While paternalism might bring with it notions of employer-owned housing, all-staff holidays or even paid-for all-employee lunches, new paternalism is also concerned with making sure employees are aware of the benefits available to them. “For those [employers] that are paternalistic, they’ll make sure that their core package is a really good one, they’ll benchmark against competitors and make sure they offer a good standard,” says Kim Honess, head of flexible benefits at Towers Watson. “They also spend money communicating the benefits available, and making sure employees understand the value of those benefits.”
An extension of this, and further evidence of what could be considered the new paternalism, is investment in financial education strategies. Providing financial education programmes enables employees to take control of their finances, but again, they are driven by the employer providing the opportunities. Rather than an old-fashioned school classroom arrangement whereby employees are talked at, financial education places the responsibility at the feet of employees. Tim Perkins, founder and director at Nudge Global, says: “There is some anxiety around doing too much for employees. Rather than telling people what to do and offering specific products to take up, it’s more a case of organisations wanting to help their people help themselves.”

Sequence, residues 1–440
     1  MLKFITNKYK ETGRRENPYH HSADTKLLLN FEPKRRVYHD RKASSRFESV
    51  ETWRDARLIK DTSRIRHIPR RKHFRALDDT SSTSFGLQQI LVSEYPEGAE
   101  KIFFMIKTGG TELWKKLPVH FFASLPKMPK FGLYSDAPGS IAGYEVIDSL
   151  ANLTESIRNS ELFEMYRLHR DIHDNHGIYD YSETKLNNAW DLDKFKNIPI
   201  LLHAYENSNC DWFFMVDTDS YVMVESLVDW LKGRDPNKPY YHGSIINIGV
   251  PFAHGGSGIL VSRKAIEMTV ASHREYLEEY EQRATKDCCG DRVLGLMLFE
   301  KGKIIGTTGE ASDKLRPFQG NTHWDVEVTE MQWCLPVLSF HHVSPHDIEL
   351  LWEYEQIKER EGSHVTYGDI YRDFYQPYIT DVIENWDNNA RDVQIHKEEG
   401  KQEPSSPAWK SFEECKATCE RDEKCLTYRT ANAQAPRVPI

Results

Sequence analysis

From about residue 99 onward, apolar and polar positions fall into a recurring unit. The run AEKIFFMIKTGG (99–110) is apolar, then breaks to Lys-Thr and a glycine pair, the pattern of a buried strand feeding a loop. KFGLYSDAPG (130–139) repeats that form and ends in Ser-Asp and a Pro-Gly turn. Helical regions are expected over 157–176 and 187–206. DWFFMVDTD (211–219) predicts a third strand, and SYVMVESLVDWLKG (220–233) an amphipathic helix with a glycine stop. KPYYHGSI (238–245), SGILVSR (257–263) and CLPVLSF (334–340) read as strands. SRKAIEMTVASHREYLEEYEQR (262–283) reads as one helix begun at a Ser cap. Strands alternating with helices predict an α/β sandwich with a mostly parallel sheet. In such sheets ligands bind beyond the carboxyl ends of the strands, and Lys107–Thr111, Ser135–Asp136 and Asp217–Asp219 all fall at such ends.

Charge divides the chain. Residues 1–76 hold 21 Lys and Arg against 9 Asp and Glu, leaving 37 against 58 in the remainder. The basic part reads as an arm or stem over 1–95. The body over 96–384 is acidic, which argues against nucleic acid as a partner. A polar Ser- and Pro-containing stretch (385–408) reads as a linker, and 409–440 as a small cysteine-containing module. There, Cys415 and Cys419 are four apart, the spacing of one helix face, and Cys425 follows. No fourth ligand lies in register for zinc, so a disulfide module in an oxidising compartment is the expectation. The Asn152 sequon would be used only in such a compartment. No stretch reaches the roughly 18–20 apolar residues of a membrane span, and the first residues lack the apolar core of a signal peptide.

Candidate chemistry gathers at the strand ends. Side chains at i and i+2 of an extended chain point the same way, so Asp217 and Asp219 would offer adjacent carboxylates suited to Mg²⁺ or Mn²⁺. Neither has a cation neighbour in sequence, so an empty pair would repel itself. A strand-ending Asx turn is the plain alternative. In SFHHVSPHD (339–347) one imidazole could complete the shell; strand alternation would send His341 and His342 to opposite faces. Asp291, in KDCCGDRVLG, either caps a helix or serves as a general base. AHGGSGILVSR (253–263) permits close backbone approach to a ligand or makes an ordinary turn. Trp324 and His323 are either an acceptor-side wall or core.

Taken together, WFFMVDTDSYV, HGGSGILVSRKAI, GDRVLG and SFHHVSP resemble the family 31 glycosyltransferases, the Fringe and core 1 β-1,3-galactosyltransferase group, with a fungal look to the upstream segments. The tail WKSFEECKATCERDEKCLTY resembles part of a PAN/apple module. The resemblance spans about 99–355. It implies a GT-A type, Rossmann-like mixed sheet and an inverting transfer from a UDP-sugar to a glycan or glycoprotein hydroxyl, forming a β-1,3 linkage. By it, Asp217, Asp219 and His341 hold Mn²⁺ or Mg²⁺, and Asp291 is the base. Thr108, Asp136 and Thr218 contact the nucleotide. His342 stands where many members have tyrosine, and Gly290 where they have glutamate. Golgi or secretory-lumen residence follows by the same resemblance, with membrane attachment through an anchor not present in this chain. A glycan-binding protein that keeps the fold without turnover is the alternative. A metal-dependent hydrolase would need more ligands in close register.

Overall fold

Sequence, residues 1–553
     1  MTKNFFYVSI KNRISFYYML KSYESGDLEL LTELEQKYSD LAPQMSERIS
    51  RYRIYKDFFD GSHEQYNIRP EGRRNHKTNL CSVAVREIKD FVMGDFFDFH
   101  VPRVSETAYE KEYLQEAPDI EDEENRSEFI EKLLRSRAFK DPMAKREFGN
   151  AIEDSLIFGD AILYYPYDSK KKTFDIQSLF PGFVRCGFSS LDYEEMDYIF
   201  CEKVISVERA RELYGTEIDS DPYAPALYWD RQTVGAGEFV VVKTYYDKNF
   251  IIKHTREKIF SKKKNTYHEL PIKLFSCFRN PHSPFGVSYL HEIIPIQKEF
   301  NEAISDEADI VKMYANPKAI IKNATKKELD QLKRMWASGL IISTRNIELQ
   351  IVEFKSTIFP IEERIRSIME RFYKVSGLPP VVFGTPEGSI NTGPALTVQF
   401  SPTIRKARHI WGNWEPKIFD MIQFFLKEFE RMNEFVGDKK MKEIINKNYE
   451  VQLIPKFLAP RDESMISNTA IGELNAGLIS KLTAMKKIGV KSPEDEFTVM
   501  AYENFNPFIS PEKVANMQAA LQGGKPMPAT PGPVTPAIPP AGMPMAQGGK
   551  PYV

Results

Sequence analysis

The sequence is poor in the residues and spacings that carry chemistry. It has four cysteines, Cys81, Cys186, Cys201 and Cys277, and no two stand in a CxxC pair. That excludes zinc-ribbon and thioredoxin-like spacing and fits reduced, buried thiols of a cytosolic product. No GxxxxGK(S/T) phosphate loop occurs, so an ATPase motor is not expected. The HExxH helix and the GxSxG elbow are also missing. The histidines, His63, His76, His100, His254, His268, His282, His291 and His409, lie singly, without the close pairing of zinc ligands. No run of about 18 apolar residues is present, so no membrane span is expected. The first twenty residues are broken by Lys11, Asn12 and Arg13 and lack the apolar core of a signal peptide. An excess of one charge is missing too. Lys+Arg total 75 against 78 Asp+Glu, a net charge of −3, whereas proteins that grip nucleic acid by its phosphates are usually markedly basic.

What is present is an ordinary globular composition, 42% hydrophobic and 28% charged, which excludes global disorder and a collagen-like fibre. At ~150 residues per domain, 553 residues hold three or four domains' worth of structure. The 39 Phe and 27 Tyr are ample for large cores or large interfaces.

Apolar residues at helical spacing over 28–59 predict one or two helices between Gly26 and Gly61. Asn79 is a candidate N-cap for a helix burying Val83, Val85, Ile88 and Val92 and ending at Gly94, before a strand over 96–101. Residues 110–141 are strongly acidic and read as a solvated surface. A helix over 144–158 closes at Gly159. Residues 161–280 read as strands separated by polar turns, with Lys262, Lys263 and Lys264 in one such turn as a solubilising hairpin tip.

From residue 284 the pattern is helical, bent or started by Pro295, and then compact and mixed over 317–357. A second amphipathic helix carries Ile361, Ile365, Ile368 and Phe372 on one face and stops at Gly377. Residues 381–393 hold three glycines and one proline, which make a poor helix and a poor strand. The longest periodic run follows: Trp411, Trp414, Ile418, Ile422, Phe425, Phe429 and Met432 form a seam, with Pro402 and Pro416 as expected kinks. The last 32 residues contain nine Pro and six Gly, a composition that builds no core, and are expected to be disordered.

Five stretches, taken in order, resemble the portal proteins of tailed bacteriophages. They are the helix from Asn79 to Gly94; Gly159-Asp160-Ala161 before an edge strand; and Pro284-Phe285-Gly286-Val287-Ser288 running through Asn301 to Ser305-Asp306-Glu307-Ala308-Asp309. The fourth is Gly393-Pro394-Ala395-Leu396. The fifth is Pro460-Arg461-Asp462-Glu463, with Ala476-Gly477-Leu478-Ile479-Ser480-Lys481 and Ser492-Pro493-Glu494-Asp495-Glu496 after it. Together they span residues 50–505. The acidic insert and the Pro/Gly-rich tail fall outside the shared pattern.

Perkins explains that Nudge’s research, Dare to dream: Twenty16, the full results of which are due to be published in January 2016, shows that 90% of employer respondents want to provide online tools on a self-serve basis, thereby giving staff the tools to help themselves.
The rise in financial education has recently been driven by the introduction of pension freedoms in April 2015 and associated tax changes. “With freedom comes choice and with choice comes the dilemma of having to know what you’re doing,” says Honess. “A lot of [employers] realised that their staff do look to them as a trusted source of information.”